The best way to minimize your renovation risk is to hire a reputable general contractor for the job. As part of the biding process, ask the general contractor to provide a Certificate of Insurance and/or copies of the policies. Specifically, check for coverage for the following:
• Workers’ Compensation: Verify that he or she has workers’ compensation coverage in the event that an employee or subcontractor gets hurt on the job.
• General Liability: Ask if the contractor has liability insurance, which covers losses due to negligence and errors or omission, which results in property damage. Also ask that you are added as an “additional insured.”
• Builders Risk: This policy is designed to cover damage to your home and materials, including those not installed yet. We can help you verify whether you should require this from your contractor, based on your renovation project.

Advice for Do-It-Yourselfers

If you decide to do it alone and manage a renovation yourself, you assume all the risks. A review of your homeowners coverage for liability and property is prudent, as you are assuming more risks and exposures than contemplated by homeowners insurance.

Hiring subcontractors who can provide you with a “Certificate of Insurance” or copies of their policies showing their general liability and workers’ compensation coverage is mandatory for your legal protection. Otherwise, you could be subject to workers’ compensation laws, should they become injured while working on your home. If a friend or relative helps out as a favor and gets injured, your homeowners insurance typically covers the cost of their injuries, up to your policy limits. For an extra layer of protection, it’s a good idea to also carry umbrella liability coverage, which kicks in to provide liability coverage above your homeowners limits.

Insuring the Real Value of Your Home

Experts estimate that 1 out of 4 remodeling projects adds at least 25 percent to the value of a home, yet often most homeowners forget to increase their coverage to protect their investment. Most homeowners insurance policies require 100 percent of the home’s replacement cost, so it’s important to raise your home’s policy limit before your project begins.

Filed under: Personal Insurance — Jillian Bender-Cormier @ 4:45 pm February 22, 2017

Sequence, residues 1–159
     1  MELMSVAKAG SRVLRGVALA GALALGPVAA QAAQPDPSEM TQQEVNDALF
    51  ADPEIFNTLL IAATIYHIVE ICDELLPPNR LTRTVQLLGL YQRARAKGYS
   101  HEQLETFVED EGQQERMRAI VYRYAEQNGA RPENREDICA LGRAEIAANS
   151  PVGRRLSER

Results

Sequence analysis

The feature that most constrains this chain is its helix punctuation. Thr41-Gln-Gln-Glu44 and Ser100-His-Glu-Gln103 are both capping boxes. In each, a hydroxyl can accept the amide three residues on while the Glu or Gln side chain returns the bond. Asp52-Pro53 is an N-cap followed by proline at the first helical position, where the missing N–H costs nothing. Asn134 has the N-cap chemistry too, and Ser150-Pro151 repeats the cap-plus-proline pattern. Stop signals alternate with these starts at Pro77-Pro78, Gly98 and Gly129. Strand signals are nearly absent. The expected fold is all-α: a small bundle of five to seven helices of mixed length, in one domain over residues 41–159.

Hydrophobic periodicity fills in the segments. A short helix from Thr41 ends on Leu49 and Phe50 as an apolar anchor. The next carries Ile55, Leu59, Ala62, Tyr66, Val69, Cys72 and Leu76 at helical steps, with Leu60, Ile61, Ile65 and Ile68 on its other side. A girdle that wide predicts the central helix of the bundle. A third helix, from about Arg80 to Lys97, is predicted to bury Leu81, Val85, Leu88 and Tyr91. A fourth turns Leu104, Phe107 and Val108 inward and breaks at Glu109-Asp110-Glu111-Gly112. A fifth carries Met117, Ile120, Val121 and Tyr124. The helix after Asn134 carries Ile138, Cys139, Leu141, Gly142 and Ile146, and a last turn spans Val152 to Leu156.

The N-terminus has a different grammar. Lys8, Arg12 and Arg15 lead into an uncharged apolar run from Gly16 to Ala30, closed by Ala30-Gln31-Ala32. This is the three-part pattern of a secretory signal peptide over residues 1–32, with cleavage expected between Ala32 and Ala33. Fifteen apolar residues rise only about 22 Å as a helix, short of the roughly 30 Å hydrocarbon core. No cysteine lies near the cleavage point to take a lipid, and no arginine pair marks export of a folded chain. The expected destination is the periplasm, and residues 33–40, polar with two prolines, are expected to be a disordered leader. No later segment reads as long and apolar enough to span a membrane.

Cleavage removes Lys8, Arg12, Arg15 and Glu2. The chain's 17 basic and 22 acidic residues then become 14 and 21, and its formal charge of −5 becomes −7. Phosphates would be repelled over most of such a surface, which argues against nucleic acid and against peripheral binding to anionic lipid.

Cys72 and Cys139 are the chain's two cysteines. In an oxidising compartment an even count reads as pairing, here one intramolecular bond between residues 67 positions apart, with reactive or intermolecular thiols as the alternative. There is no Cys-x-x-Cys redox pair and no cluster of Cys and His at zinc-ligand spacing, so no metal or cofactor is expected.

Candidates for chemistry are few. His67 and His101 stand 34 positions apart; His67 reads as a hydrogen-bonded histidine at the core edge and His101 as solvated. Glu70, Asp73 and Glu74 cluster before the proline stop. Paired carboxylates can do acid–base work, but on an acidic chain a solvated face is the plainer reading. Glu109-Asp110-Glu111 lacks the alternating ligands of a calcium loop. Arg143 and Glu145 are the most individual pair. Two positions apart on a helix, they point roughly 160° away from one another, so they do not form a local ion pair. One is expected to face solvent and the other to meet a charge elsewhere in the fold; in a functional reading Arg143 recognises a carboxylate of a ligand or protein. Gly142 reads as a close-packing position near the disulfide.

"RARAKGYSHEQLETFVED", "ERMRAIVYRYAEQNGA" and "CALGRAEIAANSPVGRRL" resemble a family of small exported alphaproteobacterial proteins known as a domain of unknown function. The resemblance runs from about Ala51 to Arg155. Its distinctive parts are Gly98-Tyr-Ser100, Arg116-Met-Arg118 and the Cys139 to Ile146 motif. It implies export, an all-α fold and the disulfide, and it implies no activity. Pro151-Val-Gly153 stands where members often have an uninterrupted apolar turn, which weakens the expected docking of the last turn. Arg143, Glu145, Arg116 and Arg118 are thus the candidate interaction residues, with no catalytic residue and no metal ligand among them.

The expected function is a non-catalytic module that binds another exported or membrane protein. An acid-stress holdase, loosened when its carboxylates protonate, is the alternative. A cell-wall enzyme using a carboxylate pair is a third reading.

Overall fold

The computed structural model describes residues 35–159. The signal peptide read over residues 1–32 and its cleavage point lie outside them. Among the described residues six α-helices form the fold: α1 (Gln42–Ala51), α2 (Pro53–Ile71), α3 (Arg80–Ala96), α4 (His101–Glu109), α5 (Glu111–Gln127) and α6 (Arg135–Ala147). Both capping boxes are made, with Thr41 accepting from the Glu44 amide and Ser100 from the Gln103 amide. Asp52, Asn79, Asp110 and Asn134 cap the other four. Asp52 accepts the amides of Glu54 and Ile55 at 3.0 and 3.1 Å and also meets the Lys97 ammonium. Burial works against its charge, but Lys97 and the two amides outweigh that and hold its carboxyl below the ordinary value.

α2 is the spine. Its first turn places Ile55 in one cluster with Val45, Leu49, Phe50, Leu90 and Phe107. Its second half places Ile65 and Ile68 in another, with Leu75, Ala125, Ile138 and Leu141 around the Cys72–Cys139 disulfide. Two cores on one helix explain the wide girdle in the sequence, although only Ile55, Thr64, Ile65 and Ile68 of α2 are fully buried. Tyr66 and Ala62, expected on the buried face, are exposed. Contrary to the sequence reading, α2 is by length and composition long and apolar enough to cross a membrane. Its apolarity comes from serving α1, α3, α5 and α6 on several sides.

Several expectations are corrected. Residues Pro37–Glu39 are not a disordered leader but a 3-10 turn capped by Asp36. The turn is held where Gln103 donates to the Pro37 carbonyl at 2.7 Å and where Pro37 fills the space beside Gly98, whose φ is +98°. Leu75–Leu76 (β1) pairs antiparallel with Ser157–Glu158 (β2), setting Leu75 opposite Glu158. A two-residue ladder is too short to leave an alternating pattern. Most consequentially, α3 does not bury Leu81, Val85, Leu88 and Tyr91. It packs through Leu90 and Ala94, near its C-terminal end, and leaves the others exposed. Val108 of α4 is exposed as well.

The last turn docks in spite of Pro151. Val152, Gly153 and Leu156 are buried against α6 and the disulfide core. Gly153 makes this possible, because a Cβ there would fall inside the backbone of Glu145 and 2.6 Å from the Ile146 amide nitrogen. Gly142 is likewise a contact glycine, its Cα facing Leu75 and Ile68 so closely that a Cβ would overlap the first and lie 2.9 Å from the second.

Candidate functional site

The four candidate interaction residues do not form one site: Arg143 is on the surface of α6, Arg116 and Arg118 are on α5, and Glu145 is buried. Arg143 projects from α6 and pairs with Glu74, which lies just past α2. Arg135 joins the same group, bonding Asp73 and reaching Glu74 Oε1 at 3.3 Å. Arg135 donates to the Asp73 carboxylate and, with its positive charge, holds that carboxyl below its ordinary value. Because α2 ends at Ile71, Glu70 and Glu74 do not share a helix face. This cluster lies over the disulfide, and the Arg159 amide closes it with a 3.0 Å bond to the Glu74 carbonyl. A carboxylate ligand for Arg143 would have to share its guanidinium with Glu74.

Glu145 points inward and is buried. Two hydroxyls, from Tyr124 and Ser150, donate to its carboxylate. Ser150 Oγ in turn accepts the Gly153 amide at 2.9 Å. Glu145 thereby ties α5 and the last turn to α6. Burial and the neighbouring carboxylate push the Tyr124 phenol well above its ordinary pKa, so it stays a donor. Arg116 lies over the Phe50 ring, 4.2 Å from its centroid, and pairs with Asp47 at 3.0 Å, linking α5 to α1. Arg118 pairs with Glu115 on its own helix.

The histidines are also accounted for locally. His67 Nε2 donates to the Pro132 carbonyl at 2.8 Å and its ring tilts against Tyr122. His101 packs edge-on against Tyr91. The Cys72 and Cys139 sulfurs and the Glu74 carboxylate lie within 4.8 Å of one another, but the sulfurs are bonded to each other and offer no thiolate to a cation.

Home Fire Safety

christmas-candle-1419989Because many holiday traditions take place in the home, it’s also the peak time for home fires according to the National Fire Protection Association (NFPA). Here are some things to consider to keep your home and your family safe this holiday season:

• Never try to fight a fire yourself—instead, call 911 immediately. According to the NFPA, 55 percent of all civilians who are injured in home fires are hurt while attempting to fight the fire themselves.
• Stay in the kitchen when you’re cooking, so you can always keep an eye on your food.
• Check your home’s smoke detectors to ensure they’re working. Your home should have at least one smoke alarm on every level, and preferably one outside every bedroom. Check every smoke alarm once a month to ensure that it’s functional and loud enough to wake you up in the event of a fire.
• Keep all flammable materials and fire starters up high where children won’t be able to reach them.
• Check your home’s electrical systems to ensure that they in working condition, and that no power outlet is overburdened with appliances.
• Make sure that any medications, glasses or other essential materials are easily accessible if you must escape your home quickly.
• Make a fire escape plan with your family, and practice it at least twice a year. You should identify two ways to escape from every room in your home in case flames or smoke block an exit.

It’s important to review your homeowners or renters insurance to ensure that your home and personal belongings are covered for fire damage. Contact Warren G. Bender Co. today to see how you’re covered.

Filed under: Personal Insurance,Safety — Jillian Bender-Cormier @ 11:33 pm November 25, 2016